SCA Press Text
Arendt, Hannah. The Human Condition. 2nd ed. Chicago: University of Chicago Press, 1998.
Arendt, Hannah.Vita active: Oder vom tätigen Leben (The Human Condition). 2nd ed. Munich: R. Piper, 1981.
La Chinoise, Jean-Luc Godard, 1967
Arendt categorises art-making as „work“, something artificial is put into the world which is not primarily thought for consumption. „Working“ as an activity which (ideally) makes oneself feel at home in the world. What does it mean to feel at home in the world? To settle down? To keep moving? To reconcile with reality? To understand? For the 1996 show "Austria im Rosennetz"/"wunderkammer österreich" at MAK Vienna the Austrian sculptor Franz West constructed sofas with iron frames and foam mattresses loosely covered with West-African wax fabrics. Critics saw these objects as „ontologically loose, and novel“ and as an invitation for the viewer to engage with the object, to become an active part of the installation. We might ask now, why did it need the Other, the "colourful far away", to make the white western subject feel at home in the white gallery? Sold on the art market these sofas became expensive obligatory objects of desire to be found in the stilish homes, galleries or studios of the rich Western intellectual class. And yet again, art serves a lifestyle.
At Galeria Plusminusnula, Nora-Swantje Almes and Elena Strempek assemble a variation of Franz West sofas and an audio-installation which investigates questions and condition of contemporary labour, art-making and, yes, love. 'Shores of Crucial Activity“ opens up a dialogue, not restricted to only two people talking to each other but rather in the Greek sense of the word διάλογος, diá-logos - the flowing of words.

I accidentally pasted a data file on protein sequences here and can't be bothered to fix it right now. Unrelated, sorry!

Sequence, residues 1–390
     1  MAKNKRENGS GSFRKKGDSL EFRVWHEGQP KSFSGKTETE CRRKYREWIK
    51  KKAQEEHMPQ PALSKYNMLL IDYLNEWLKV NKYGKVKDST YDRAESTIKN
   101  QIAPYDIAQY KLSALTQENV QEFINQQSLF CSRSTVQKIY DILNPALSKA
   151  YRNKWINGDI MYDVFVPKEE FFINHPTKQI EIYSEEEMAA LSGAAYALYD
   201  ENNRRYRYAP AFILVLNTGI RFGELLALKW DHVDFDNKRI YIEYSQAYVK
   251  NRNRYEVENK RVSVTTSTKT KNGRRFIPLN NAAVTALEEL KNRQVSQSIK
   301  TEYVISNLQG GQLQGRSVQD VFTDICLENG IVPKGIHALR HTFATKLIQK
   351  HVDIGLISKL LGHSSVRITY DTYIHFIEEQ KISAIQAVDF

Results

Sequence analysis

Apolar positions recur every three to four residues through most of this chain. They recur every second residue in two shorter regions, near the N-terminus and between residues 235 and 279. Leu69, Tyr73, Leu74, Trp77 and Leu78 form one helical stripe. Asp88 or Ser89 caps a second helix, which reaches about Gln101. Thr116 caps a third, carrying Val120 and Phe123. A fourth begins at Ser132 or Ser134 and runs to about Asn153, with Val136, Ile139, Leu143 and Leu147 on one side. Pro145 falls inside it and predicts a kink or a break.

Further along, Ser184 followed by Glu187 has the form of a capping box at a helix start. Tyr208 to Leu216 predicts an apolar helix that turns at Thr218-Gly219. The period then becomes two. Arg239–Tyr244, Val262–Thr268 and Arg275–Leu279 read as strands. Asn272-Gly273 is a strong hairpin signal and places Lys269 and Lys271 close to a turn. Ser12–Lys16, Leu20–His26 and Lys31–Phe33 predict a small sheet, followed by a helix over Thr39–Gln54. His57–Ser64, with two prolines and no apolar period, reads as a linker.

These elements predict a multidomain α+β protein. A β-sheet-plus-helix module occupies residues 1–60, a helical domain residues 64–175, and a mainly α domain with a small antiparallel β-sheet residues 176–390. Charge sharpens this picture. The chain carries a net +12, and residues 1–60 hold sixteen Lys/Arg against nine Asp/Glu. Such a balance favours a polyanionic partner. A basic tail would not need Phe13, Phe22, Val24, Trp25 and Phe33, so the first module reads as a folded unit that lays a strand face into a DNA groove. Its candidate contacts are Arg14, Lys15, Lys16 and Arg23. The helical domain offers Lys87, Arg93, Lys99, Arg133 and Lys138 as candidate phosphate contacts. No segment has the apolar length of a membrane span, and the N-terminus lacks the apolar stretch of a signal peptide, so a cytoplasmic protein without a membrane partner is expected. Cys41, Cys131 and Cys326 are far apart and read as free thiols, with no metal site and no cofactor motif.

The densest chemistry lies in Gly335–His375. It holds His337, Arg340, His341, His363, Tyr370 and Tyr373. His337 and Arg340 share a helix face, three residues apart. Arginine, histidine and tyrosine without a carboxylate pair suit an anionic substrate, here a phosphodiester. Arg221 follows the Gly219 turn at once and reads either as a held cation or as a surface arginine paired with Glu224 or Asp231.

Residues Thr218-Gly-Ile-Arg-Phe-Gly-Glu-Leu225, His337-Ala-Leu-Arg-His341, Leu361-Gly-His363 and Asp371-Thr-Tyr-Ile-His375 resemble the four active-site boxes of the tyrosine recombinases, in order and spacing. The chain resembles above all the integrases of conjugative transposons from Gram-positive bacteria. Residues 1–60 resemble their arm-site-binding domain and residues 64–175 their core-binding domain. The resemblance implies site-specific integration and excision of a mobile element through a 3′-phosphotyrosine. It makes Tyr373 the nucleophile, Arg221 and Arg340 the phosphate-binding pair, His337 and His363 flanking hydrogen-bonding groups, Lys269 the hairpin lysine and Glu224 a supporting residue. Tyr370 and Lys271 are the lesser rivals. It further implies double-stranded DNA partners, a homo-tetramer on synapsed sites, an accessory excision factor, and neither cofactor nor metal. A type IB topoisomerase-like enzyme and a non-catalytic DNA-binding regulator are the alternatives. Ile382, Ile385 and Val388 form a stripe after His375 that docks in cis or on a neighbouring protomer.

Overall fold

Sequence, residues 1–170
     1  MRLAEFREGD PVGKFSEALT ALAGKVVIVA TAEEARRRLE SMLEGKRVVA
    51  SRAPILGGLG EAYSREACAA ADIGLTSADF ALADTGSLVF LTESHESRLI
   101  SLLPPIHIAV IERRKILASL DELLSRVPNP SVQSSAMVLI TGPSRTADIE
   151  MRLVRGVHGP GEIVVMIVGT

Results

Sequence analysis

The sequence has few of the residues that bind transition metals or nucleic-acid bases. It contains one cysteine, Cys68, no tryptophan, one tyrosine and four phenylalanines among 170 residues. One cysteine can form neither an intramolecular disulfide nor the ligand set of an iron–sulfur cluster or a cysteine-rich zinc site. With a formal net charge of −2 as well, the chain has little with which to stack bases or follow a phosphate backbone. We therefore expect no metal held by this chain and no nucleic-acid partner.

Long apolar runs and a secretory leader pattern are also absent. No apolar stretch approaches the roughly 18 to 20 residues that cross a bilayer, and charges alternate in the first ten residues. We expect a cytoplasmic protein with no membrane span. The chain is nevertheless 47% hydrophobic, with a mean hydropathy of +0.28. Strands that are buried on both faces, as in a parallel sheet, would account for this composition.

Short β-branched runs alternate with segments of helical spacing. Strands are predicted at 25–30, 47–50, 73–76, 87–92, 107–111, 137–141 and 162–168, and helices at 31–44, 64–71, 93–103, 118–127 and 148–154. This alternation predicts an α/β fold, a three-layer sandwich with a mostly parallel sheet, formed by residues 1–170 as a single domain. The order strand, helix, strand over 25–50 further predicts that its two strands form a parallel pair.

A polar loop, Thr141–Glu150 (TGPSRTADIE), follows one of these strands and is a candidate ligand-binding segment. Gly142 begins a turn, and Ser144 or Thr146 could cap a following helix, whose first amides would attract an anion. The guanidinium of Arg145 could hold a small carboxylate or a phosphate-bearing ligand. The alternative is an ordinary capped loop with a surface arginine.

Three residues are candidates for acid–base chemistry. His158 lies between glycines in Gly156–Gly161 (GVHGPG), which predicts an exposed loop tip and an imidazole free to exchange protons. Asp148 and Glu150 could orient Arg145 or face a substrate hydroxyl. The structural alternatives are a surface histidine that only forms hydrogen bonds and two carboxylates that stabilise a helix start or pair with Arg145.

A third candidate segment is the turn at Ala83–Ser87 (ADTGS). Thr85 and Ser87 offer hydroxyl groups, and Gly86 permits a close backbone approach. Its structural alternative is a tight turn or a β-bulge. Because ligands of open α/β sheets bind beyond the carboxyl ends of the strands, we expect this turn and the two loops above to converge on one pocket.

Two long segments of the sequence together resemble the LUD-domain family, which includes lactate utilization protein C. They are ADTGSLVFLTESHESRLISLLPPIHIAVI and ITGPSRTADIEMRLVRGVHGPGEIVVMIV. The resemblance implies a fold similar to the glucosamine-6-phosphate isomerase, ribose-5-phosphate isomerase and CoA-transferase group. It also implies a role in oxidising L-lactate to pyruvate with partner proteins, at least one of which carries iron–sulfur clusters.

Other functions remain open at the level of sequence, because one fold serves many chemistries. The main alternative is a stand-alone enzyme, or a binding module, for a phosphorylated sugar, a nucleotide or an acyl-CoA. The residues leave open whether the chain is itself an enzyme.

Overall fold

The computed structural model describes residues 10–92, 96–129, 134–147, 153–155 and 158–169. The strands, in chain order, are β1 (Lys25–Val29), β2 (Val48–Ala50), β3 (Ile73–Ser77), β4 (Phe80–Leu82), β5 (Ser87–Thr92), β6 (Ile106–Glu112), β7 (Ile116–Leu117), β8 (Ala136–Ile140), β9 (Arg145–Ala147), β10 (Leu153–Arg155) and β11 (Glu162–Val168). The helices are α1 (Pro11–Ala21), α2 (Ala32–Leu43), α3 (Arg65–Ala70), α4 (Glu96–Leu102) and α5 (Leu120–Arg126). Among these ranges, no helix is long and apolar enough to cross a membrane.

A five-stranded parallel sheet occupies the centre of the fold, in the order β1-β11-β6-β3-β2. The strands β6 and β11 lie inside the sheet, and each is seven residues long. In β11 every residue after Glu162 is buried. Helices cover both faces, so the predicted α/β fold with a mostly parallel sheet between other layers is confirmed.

In The Human Condition the German philosopher Hannah Arendt is concerned with the question of “what we are doing,” and in it she differentiates between three different categories of the active life: “labour,” that which covers our basic needs and creates products for consumption; “work,” which introduces arti cial, human-made things into the world; and “action,” a “non-material interaction with the plurality of humans that live on our planet.” Arendt is convinced that in modern times labour became glori ed and is now the one crucial activity that preoccupies society. In the German version of the book from 1958 Arendt states that Dichter und Denker (poets and thinkers) is the only group of people who are still engaged in philosophical and spiritual activities without calling it their job in the way that politicians and "Geistesarbeiter" (brain-workers) do. But how can this apply to our times in which artists are professionals of the self, large parts of the labour we do is immaterial and every creative gesture is instantly hijacked by capital? So, we ask, what is our motivation to dedicate our lives to art? Is it the possiblity of a critical activity that helps us to handle the chaos of the world around us, to transform it into something that makes sense, maybe just for us, maybe just for a second? Or is it the life style? A whole different set of values, the glamorous promise to stand at the forefront of a capitalist society one day, always newly inventing ourselves, being extremely exible and creative, constantly shape-shifting – what's hot today might not be hot tomorrow. And who is the 'us' anyway?